Nearly a thousand people would rally on Durham's Main Street a day later, after misinformed rumors spread alleging that Ku Klux Klan members planned to march downtown. According to the organizers, the would-be counter-protesters joined Inside-Outside Alliance members who gather outside Durham County jailhouse every Friday afternoon to show support for prisoners and protest police-violence. The diverse crowd overwhelmingly supported anti-racist and anti-fascist ideologies in a demonstration that aimed at the root of the issues that have compelled calls to tear down Confederate statues in Durham and elsewhere — namely continued white supremacy and the memorialization of anti-Black violence.

Tuesday night, local ABC News reported that roughly 800 people gathered at McCorkle Place and Franklin Street to demand the removal of "Silent Sam," a bronze Confederate statue erected in the main quadrangle of University of North Carolina at Chapel Hill's campus in 1913. Chapel Hill police — many donning riot gear — arrested 19-year-old student Claude Wilson and protected the monument while university police arrested two individuals not associated with the university. Several students are now staging a sit-in around the statue until it is removed.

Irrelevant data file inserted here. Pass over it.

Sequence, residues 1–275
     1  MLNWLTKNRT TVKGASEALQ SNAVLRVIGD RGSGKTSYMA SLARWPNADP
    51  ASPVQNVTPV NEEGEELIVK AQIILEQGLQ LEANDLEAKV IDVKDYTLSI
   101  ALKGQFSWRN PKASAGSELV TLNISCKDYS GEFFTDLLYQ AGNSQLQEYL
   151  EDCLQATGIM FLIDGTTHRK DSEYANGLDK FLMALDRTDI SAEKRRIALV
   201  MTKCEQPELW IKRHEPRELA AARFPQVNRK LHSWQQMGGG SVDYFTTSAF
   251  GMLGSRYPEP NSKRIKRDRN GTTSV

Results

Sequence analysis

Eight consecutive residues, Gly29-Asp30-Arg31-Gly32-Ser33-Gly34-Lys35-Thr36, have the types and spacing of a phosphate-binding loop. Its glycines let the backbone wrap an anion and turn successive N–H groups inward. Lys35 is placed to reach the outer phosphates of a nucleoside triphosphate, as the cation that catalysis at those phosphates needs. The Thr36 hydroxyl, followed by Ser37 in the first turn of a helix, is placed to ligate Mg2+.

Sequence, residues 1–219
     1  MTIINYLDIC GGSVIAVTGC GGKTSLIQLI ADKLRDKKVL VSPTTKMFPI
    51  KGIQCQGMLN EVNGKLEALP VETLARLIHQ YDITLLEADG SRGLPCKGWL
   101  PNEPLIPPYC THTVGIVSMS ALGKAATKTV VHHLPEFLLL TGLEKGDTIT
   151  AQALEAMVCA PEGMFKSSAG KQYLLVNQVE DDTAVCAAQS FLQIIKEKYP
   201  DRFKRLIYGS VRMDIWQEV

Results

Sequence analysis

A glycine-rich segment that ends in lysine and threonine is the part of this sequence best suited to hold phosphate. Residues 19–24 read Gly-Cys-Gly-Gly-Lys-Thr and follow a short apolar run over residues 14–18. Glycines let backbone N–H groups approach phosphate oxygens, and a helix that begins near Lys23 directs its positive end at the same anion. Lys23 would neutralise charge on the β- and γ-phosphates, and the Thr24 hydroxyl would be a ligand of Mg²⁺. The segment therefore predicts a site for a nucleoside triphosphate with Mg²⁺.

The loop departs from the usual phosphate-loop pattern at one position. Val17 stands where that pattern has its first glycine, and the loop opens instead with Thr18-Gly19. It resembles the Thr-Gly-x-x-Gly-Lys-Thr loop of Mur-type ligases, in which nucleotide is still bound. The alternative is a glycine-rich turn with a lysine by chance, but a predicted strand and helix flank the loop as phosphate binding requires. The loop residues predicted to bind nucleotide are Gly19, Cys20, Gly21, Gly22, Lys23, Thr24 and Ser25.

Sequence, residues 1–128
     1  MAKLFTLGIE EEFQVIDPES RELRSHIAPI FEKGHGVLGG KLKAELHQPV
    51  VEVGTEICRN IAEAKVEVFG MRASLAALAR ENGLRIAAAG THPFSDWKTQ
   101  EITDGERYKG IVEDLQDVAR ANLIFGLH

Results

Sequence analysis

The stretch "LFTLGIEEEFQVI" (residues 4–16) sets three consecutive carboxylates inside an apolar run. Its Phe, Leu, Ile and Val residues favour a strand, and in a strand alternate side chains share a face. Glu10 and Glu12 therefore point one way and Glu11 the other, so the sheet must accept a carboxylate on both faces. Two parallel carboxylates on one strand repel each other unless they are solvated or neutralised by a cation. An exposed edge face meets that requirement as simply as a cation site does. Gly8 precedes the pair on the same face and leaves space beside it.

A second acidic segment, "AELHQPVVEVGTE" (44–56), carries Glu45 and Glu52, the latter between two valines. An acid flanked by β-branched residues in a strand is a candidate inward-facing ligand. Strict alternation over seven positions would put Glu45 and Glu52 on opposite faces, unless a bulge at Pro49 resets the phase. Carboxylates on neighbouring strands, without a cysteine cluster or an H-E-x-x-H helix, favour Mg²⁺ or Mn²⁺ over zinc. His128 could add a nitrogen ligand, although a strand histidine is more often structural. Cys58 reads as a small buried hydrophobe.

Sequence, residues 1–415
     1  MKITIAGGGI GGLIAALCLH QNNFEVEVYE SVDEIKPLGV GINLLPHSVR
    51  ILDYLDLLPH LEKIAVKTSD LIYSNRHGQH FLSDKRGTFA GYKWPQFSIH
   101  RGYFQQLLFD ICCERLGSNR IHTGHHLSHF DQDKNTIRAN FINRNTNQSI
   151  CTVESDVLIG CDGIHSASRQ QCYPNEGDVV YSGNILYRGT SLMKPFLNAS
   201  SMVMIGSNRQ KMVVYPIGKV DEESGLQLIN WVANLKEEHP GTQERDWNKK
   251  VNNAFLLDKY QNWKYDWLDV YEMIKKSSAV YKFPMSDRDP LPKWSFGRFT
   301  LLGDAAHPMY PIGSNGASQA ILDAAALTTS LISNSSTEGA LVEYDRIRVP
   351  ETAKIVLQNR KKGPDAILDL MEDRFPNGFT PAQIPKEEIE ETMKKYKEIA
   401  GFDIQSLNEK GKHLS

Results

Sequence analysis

Lamont Lilly, also of the WWP, helped to organize Thursday's rally which seems to have galvanized anti-racists across the state. He told Thursday's crowd that Durham County sheriff's deputies forcefully raided his communal home after identifying activists via social media footage of the statute's teardown.

"They had a supposed warrant for the ladder that Takiyah Thompson climbed, but busting the door down and tearing up closets, doors, furniture and photographs — that was not the way to do that," Lilly said.

"We feel violated as community members…as stakeholders in this city. We're workers, we're teachers, we're activists. I feel violated."